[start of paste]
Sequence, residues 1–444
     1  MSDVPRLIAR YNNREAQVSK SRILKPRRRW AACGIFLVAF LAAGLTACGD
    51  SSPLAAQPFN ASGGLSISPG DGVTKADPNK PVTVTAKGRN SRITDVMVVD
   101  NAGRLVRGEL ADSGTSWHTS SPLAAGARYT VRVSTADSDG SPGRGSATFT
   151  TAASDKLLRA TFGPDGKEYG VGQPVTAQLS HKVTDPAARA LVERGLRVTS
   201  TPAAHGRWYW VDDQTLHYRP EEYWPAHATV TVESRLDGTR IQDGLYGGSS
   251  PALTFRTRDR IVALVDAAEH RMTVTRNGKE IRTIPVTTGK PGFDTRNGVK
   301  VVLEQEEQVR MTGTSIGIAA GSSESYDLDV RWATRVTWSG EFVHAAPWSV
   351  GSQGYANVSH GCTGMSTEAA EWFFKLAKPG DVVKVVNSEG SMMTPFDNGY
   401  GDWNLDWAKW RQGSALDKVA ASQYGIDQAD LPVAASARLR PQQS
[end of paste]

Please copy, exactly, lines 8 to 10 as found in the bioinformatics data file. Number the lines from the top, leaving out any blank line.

   301  VVLEQEEQVR MTGTSIGIAA GSSESYDLDV RWATRVTWSG EFVHAAPWSV
   351  GSQGYANVSH GCTGMSTEAA EWFFKLAKPG DVVKVVNSEG SMMTPFDNGY
   401  GDWNLDWAKW RQGSALDKVA ASQYGIDQAD LPVAASARLR PQQS